as a phylogenetic, and sometimes as a linguistic species. In the last-named sense, that to which I believe the use of the name should be restricted, it is the appropriate designation of a group of cognate languages spoken by peoples whose physical characters show that they are not the descendants of one common phylum in the near past. There are fair-haired, long-headed families in Scotland and Ireland; fair, broad-headed Bretons; dark-haired, round-headed Welshmen; and dark-haired, long-headed people in the outer Hebrides, McLeans, "Sancho Panza type"—men obviously of different races, who differ not only in color, stature, and skull-form, but whose traditions also point to a composite descent, and yet all originally speaking a Celtic tongue. The use of the word Celtic, as if it were the name of a phylogenetic species, has naturally led to hopeless confusion in the attempts to formulate race-characters for the Celtic skull—confusions of a kind which tend to bring physical anthropology into discredit. Thus Retzius characterizes the Celtic crania as being dolichocephalic, and compares them with those of the modern Scandinavians. Sir Daniel Wilson considers the true Celtic type of skull as intermediate between the dolichocephalic and the brachycephali; and Topinard figures as the typical Celtic skull that of an Auvergnat, extremely brachycephalic, with an index of 85!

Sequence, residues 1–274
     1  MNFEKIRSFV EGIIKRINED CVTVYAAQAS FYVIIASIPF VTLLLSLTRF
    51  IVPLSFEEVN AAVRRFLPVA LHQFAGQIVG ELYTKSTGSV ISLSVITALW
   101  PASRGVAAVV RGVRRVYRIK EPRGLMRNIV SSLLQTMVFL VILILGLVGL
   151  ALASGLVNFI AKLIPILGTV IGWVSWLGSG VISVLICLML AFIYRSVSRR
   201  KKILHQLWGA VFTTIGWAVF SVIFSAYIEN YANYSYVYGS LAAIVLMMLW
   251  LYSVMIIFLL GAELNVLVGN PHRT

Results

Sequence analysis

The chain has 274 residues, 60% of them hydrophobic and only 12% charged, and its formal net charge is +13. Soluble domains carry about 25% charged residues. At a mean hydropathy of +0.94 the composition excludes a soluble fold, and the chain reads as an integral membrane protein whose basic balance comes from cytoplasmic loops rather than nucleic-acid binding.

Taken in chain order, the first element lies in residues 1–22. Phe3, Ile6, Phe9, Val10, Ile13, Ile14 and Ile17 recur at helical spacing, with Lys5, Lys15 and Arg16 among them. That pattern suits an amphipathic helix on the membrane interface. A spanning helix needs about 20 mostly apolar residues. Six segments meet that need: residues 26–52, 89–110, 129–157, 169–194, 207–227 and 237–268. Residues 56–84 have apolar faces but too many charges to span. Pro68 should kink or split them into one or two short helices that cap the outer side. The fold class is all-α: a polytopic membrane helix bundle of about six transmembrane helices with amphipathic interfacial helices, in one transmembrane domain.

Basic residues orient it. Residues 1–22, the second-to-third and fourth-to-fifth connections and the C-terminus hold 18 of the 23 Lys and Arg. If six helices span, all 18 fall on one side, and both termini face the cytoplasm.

Our traditional history tells that we, the Celtic-speaking races of Britain, are not of one common ancestry, but are the descendants of two distinct series of immigrants, a British and a Gaelic. Whatever may have been the origin of the former, we know that the latter are not homogenous, but are the mixed descendants of the several Fomorian, Nemedian, Firbolg, Tuatha de Danaan, and Milesian immigrations, with which has been combined in later times a strong admixture of Scandinavian blood. It is now scarcely possible to ascertain to which of these component strains in our ancestry we owe the Celtic tongue which overmastered and supplanted the languages of the other tribes, but it is strictly in accordance with what we know of the history of mankind, that this change should have taken place. We have instances in modern times of the adoption by conquered tribes of the language of a dominant invading people. For example, Mr Hale has lately told us that the speech of the Hupas has superseded the languages of those Californian Indians whom they have subdued. In like manner, nearer home, the English language is slowly but surely supplanting the Celtic tongues themselves.
We may here parenthetically note that what has been observed in the case of language has also taken place in reference to ritual and custom. Observances which have a history and a meaning for one race have, in not a few instances, been adopted by or im-